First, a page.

At the ATA 2010 event in San Antonio this week, the U.S. Army's mCare project team leaders led a deep dive session into the Diversinet-powered mHealth service for "wounded warriors."
Right now, mCare sends daily messages to Army Reservists and National Guard members recouping in their home locations right to their own mobile phones. mCare is currently up and running at five separate military medical care sites that serve soldiers (at home) in 26 states. Among other things, health tips, appointment reminders and general announcements are distributed from a secure central web site where health care providers can enter and control the message content, as well as review acknowledgements and delivery confirmations. The mCare app is available on each of the major carriers in the US, but it does require users to have text messaging enabled as well as a data plan.
"[mCare] is a secure app [for wounded warriors] that works on their own mobile phones, Holly Pavliscsak, mCare Project Manager said during the session. "It was critical that the patient was able to use their own mobiles, therefore, mCare had to work on multiple devices and with various wireless carriers. The app had to be easy to install, remove and use, while providing enough value to users so that they would want to engage with it regularly."
"Of course, there are pitfalls and challenges every step of the way for mobile health services," Pavliscsak said. "For example, two of the major US wireless operators have 'open' networks, which means they don't have a lot of limitations for apps and devices running on their networks. The other two major carriers have 'closed' networks, which require a lot of testing and validation. Conveniently each of these carriers use a different testing center -- so it ends up costing twice as much money. Mobile health is not for the faint of heart. I would encourage all of you if you are getting into mobile health, to find good partners who know how to do this – like Diversinet. Another key for mCare is that it was governmental venture. I don't think we could have done it otherwise," Pavliscsak said.
The primary concern from care providers was that they did not have time to send and receive text messages patients, Pavliscsak said. Providers were mostly concerned about having to "free form" text messages and field them as they came in. That’s why mCare has a web interface on the backend for care providers that serves as a dashboard for them to monitor their patients.
Pavliscsak said there are a number of misconceptions about mCare. mCare is not distributing cell phones to soldiers. It does not expect patients to perform complicated technical tasks. mCare also is not asking care providers to free form text messages between patients and providers.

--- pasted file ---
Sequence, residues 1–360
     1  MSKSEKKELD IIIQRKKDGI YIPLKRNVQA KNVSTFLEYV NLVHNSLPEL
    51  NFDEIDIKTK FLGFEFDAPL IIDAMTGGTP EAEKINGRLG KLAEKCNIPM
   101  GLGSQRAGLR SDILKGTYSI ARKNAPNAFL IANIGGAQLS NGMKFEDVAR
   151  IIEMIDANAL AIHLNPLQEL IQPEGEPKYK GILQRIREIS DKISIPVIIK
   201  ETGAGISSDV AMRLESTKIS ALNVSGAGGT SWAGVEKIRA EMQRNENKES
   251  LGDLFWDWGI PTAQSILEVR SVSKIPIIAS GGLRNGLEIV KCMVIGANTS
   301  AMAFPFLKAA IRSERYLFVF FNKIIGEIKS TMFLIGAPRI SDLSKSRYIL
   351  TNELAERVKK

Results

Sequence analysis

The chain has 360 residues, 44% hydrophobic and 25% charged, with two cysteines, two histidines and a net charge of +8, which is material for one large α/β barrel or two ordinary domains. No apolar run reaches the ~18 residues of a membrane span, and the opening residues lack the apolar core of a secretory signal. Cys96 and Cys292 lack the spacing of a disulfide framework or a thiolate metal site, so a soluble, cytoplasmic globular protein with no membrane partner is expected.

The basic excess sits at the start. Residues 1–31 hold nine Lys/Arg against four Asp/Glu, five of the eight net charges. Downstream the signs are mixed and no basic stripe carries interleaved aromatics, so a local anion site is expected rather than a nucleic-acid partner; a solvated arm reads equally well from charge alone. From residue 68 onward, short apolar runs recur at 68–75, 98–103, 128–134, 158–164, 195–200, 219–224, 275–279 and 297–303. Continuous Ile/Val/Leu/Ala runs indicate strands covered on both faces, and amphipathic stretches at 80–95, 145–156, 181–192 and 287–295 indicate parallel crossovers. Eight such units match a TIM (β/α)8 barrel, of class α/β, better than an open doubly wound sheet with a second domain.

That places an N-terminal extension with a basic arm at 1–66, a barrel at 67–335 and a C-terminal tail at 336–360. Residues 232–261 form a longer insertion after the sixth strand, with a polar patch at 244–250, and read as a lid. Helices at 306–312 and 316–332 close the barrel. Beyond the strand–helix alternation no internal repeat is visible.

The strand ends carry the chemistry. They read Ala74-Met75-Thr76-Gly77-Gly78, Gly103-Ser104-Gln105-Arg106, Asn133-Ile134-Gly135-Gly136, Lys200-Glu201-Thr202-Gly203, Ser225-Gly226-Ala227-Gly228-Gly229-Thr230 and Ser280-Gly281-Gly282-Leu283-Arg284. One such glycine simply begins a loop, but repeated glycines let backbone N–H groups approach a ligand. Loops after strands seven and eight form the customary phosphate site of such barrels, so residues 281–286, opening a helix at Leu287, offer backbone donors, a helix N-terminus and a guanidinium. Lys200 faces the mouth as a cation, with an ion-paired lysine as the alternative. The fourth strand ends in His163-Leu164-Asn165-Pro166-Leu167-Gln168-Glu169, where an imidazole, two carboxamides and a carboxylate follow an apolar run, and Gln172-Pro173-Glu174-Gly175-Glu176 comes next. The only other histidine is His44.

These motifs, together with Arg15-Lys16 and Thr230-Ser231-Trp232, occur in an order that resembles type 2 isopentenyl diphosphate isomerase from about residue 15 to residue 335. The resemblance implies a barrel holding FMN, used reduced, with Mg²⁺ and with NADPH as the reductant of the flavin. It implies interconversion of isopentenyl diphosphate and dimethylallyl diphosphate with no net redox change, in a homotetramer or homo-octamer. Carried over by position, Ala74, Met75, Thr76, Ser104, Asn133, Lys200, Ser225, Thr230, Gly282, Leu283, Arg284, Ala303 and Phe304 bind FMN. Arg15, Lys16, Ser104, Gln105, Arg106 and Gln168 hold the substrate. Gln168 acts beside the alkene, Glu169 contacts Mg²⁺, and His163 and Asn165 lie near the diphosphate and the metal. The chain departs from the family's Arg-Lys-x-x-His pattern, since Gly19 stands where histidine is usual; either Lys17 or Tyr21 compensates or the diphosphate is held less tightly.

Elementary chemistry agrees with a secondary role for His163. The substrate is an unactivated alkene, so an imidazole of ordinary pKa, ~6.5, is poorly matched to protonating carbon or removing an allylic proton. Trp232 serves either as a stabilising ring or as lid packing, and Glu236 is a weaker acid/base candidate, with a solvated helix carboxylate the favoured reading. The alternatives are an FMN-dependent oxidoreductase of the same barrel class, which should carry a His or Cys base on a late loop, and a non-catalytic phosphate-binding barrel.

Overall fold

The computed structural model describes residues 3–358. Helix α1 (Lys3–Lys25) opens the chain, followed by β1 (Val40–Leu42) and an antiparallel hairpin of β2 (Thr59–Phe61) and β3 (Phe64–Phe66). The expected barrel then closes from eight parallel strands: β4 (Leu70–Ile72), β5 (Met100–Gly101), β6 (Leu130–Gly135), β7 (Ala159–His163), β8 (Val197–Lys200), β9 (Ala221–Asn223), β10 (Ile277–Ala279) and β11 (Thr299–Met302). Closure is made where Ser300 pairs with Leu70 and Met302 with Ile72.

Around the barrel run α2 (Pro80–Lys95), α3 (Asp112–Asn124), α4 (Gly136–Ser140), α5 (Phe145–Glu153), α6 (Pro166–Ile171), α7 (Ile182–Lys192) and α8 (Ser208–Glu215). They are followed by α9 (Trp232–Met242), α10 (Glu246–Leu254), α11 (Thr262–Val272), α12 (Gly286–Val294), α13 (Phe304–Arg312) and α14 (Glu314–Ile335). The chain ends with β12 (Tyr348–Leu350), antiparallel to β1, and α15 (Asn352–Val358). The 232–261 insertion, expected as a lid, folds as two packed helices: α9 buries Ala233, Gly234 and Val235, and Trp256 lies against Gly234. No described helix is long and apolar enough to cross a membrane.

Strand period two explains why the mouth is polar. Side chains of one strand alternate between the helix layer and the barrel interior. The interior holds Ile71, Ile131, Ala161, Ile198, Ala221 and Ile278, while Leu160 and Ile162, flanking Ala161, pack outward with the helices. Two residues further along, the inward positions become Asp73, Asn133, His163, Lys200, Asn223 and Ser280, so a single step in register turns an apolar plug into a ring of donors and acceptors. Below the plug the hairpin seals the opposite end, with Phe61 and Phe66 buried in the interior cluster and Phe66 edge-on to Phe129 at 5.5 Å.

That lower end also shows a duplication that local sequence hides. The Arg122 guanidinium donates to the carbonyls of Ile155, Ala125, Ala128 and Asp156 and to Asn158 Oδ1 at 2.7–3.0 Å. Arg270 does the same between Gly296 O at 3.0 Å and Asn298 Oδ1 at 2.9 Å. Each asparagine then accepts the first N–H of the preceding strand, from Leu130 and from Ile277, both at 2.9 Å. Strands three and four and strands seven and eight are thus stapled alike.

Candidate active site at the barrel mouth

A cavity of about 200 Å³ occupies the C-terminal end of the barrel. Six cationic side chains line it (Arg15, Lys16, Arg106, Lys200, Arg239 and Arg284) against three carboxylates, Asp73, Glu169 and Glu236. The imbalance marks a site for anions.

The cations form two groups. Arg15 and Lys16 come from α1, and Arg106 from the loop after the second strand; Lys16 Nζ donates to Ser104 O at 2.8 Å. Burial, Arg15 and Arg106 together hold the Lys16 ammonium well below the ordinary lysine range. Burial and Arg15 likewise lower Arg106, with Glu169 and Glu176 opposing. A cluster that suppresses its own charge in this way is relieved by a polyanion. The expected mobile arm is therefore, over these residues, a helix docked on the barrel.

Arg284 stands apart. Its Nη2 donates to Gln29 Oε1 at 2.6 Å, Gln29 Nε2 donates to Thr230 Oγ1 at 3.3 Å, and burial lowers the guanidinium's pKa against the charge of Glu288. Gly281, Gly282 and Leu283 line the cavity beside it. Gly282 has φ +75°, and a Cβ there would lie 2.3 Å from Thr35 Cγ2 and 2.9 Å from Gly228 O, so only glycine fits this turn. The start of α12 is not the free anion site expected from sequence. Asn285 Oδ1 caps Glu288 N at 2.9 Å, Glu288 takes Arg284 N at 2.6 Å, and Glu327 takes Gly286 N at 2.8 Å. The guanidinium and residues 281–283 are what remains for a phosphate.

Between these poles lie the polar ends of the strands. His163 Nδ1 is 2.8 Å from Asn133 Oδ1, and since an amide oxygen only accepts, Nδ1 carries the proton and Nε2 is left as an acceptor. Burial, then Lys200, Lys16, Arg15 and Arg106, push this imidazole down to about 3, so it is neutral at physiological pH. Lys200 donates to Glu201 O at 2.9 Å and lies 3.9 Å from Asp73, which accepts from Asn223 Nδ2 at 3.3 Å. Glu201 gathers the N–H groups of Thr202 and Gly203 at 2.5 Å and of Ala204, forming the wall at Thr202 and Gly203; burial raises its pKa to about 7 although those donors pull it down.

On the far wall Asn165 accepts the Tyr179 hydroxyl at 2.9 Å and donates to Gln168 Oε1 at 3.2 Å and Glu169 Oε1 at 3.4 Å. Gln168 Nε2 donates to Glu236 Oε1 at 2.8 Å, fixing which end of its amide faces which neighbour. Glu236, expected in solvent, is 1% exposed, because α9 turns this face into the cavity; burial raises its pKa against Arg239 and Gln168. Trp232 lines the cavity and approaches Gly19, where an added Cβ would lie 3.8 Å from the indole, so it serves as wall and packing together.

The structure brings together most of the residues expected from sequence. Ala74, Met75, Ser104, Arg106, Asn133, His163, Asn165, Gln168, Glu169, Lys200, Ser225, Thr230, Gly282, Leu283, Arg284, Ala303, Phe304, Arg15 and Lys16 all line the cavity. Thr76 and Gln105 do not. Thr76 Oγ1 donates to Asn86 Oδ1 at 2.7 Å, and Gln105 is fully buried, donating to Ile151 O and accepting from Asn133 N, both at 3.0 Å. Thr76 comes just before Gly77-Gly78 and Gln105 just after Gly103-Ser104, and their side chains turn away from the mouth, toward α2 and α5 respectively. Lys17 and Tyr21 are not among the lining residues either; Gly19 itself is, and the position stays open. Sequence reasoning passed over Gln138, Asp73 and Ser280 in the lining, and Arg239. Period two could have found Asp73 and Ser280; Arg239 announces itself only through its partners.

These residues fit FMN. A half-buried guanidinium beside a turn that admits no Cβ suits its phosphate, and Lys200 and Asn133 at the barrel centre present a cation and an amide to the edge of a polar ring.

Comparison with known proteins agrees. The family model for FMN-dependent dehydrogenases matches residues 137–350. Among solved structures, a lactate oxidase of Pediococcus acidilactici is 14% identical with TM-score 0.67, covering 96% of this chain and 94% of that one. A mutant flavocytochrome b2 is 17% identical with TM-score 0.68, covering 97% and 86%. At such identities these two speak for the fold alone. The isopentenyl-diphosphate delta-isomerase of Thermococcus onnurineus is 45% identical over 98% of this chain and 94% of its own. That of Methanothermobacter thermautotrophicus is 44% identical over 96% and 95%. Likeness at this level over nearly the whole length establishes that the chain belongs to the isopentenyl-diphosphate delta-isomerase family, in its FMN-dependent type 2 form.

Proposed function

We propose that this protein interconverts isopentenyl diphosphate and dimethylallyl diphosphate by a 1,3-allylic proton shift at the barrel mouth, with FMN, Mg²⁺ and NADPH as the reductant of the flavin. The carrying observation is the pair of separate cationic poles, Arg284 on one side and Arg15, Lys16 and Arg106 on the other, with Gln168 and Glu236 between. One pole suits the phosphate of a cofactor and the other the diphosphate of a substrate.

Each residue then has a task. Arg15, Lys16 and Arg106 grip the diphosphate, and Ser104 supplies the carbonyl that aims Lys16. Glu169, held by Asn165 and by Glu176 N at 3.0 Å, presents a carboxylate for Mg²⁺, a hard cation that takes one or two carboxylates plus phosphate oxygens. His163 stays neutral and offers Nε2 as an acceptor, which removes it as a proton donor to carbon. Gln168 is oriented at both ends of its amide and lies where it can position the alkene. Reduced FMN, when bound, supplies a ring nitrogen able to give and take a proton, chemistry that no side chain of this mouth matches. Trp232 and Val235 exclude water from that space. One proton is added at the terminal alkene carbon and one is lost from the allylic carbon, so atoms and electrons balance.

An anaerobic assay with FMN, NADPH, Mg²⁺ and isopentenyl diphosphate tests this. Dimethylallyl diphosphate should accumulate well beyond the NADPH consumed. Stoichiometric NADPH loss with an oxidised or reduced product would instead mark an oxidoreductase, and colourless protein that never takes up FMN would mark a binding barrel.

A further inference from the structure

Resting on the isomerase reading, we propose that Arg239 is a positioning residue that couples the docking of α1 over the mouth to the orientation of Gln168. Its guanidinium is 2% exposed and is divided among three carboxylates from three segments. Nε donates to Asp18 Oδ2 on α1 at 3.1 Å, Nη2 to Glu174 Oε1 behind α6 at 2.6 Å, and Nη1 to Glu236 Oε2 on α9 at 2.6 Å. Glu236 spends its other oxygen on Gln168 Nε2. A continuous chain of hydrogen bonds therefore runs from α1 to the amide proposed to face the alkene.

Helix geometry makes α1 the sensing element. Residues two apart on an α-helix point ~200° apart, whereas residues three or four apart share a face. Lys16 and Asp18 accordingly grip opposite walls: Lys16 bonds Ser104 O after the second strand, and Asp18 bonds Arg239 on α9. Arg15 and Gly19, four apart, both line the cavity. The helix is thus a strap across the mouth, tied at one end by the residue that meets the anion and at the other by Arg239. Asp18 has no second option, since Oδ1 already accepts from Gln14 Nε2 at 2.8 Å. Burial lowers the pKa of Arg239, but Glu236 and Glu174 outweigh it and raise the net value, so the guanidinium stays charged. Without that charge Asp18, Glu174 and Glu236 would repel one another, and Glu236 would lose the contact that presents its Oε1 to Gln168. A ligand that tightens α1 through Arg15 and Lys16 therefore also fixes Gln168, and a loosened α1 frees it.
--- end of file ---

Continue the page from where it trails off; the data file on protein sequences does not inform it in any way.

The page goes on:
The biggest barrier for mCare adoption so far, according to Pavliscsak was that, although most phones have SMS and data plan capabilities, not all patients have a data plan activated.
Pavliscsak was joined on-stage with colleagues Jeanette Rasche, mCare Technical Director and James Tong, mCare Project Officer, who shared a number of interesting statistics about the mCare program.
Each mCare patient receives a minimum of 6 messages per week, meeting or exceeding the Army’s required contact rates for Wounded Warriors receiving outpatient care in their home communities. Furthermore, the system is improving appointment attendance rates. Since the project deployed in June of 2009, over 2,200 messages have been sent with an over 87 % response rate. Of those messages, the vast majority -- 63 percent -- were for appointment reminders, while 17 percent were related to health and wellness tips, 12 percent were messages about the soldier's unit, 7 percent were suggestions for other resources, and only 1 percent were text messages. Here are some other interesting metrics from the presentation:
75 percent of mCare users preferred multiple messages per week for tips, resources, etc.
94 percent said mCare's tips were either very or somewhat helpful and relevant
66 percent of users said mCare improved communications with their care team
25 percent of mCare participants have feature phones
75 percent have smartphones
50 percent of those have BlackBerry devices
25 percent have iPhones
5 percent use Android devices, but the mCare managers expect that to grow quickly
AT&T is currently the carrier that the majority of users has a contract with